Telefónica as seen by Sergio de la Calle, Programme Director & Faculty at Universitas

Meet Sergio de la Calle, Programme Director & Faculty at Universitas. Discover his personal and professional vision of the company.

Meet Sergio de la Calle, Chief People Officer.
Sergio de la Calle

Sergio de la Calle

Reading time: 5 min

How long have you been with Telefónica and what is your assessment of your time here?  

Longer than I thought when I joined, 25 years in total.  Some people find it hard to understand why, being a restless ass, I’ve been here so long. Why not explore the option of a change for the better?  

It’s not that hard to understand. The Group is very large and diverse…I have been in 4 group companies and would like to experience a 5th and even a 6th. After so much, I have of course assessed the market on occasion, the last time I did it seriously was in 2014, after a project that didn’t go as I had hoped.  

I realised that there were three things that were hard to beat: the competitive conditions, the very innovative projects and the very very competent team, full of talent and diversity.  

 That year I decided to continue to grow WITHIN the company.  

Last week I received the Centenary certificate in my inbox and I was glad about that 2014 decision.  

Is there any project at Telefónica that you are particularly satisfied with or proud of?  

I would say almost all of them. I have a particularly fond memory of my early years because in the late 90s the mobile business was growing like crazy and we were hiring people every month. I was in charge of the new employee welcome programme and it was a very sweet time.  

I also enjoyed my first years leading a team, from 2007 to 2012 in Spain and I keep in touch with some of them, even those who left Telefónica. There I learned that there is no greater privilege in an organisation than to have the development of a group of people put in your hands. That, for me, is leadership.   

Now, in Universitas, I am better off than in my arms. And it’s funny… because I didn’t want to go there in 2020! I was interested in another project and for me it was an unexpected surprise. I never imagined that I could get as much out of certain skills as I have in this position. My complementarity with my colleagues Lucia and Juls is also very high. We understand each other and we learn from each other. It’s the perfect example of what they call person/position fit.   

What do you think Telefónica has contributed to society since its inception?  

It is obvious that we are part of the history of the countries in which we operate, especially in Spain, but also in others, even in countries we left, we have left a mark (such as the Czech Republic, where the O2 brand remains and where I have a special fond memory because I participated in the due diligence).  

The obvious thing to say is to talk about our purpose, connecting people, but I would say that we have also left a mark on the way we do business. Telefónica has always been ahead of Compliance. I remember a report I came across ten years ago that talked about the possible impact of infrastructures on health… It was from the early 1970s, decades before there was any alarmism about it. Telefónica had bothered to investigate whether it could have harmful effects without being asked to do so. That’s why I really like the title of the Universitas strategy programme: “Anticipating the unexpected”, as was also the case when the pandemic arrived and found us more prepared than we could have foreseen.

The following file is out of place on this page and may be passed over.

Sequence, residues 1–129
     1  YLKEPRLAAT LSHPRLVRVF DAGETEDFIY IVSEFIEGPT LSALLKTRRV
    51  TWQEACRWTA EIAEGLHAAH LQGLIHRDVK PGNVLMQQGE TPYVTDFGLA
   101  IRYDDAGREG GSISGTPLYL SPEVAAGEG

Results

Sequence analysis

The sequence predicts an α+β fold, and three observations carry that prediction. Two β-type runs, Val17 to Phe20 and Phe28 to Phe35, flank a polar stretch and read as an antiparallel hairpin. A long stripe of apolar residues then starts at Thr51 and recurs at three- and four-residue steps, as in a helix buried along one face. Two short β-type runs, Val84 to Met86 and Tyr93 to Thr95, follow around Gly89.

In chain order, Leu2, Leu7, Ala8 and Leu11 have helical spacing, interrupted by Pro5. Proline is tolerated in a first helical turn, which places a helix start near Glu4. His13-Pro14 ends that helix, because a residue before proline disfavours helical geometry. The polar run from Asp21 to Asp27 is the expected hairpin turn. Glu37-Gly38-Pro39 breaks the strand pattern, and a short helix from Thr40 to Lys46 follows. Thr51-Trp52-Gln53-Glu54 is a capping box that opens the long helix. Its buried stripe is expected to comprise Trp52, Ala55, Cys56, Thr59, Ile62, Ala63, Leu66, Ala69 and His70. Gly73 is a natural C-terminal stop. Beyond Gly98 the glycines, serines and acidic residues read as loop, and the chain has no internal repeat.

Where do you see Telefónica in the future?  

As now, at the very heart of the technological revolution. Pumping up the rest of the organisation. And I would like to think that we will be better positioned in the value chain. I think a lot of people don’t see that, without us, the usability of their favourite technology would be much worse.  

And I hope I fucking see it. I’m not as old as I look.   

Could you live without a mobile phone?  

I would say yes. In some ways, I miss the times…before mobile mail. I would say it has multiplied the number of emails. I don’t enjoy multi-channeling either. Having a request come in at the same time via a Teams chat, another via a Whatsapp group and a third via Outlook is a waste of time. I would say we are not using it well.   

But I certainly couldn’t live without the internet. The thing is that connecting from a pc a couple of times a day takes you away from looking at your device every now and then.  

But, well, at the end of the day, the device brings more good than bad.  

Help us solve one of humanity’s great enigmas: the potato omelette… With onion or without onion?  

Is there such a thing as an omelette without onions? If so, are we sure you can call it an “omelette”? I would say no. I think it should be made a serious offence. In other times, it would be grounds for banishment for sure.   

In any case, what you can’t leave out of a potato omelette with or without is two fried chorizo sausages for company, a dollop of mayonnaise and half a loaf of bread.  

Wow, now I’m hungry.  

Nominate another colleague to appear in this section  

You’re putting me on the spot. There are a lot of interesting people in this house.  

I’m leaning towards my compa Susana Diago, also from the People Office. She possesses a skill that Telefónica needs to maximise the full potential of the team; collaboration without limits. She also has two things I envy her: patience and serenity.  

In #Thespanishomelettething tag section we interview Telefónica’s employees on a variety of topics, while trying to solve one of humanity’s greatest dilemmas.

The Spanish omelette ranking

63%

WithOnionists

20%

WithoutOnionists

17%

OtherOnionists

Get into the ranking! We want to know about you – tell us your story!
* This interview is aimed at Telefónica’s employees


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